I was out shopping with family the other day. A dad with one small kid in tow kept saying: “Great job pushing the Shopping cart, Rohit, you are awesome. It went on and on – If the kid did something good dad responded with a positive affirmation. It was awesome to see the glow on the child’s face feeling very happy that he is being recognized for his deeds. It is a fact, positive reinforcement does work wonders. Don’t all of us love being recognized for the good work that we are doing?
In an organization as well, Recognitionhelps build the foundation of a culture of ‘trust’, in a unique way. It gives a sense of purpose to your colleague when you appreciate and recognize his good work publicly. The particular ‘feel good’ factor is in our nature as human beings and this is what drives us to fulfillment. Employees become more responsible and take accountability of their actions. Successful ideas survive because everyone has a stake in them. Communication and open-minded appreciation are the keys to a successful collaboration.
You are awesome. You rock. Nice job. And it goes on: praise people for doing the right. People expect to be rewarded, which makes the job of an HR or a leader difficult one indeed. However, it shoots a very important question to us, how to score above the recognition quotient?
In organization, recognition and financial rewards are joined at the hip. Financial reward is a great thing, don’t get me wrong, but it’s not the equivalent of recognition. Let’s not kid ourselves. It’s a short-term solution. Each employee is different and so are their needs and expectations. It’s important to inspire each one of them to keep them adding on to the business with their extra time, brainpower and effort. Neither is constant praise for average work. Recognition is a key tool in employee retention programs for a reason: people need more than constructive feedback and positive affirmation. They need recognition of the extra effort. They need to “feel” it. This will never go away as a basic human need. Most of the companies who have won the reputation as the ‘best employers’ are those who have been able to tap on the inspiration quotient of their employees.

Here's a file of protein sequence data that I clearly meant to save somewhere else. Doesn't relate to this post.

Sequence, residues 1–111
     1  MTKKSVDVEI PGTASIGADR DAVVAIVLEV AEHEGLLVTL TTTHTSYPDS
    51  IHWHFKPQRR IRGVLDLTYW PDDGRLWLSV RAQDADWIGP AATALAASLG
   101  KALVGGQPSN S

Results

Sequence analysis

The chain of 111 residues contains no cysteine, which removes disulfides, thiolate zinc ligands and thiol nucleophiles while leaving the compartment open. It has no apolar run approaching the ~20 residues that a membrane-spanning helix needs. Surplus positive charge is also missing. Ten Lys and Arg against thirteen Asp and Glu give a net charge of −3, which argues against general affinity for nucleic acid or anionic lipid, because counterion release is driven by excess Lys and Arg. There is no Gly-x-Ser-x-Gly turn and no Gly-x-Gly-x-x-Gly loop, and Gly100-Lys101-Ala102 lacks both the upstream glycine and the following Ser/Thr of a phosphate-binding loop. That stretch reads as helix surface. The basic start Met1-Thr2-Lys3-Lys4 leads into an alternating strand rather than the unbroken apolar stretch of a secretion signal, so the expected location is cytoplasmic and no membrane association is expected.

An effective approach to employee recognition are the following points:
1) Right now, in the moment – As much as possible, be timely. Timely recognition works wonders.
2) Contextually correct –What are you appreciating for? Recognition is most effective when it’s given in the context of a larger goal or business-results-focused activity.
3) Appropriate Volume – Think back to the Dad in the market. Was the praise being appropriate in volume? Not really. Randomness is not your ally. Recognition should match effort and results, or it loses its sheen.
I have many thoughts about how we, as a society and as organizations handle the topic of recognition. When was the last time, you recognized someone in your team for their good work? . Maybe it is time you did. You will quickly realize the benefits of it and would want to do more of it very soon.
I’d love to hear what’s on your mind as well. Jump. Leaders jump in here too. Lead the revolution. You all are just awesome.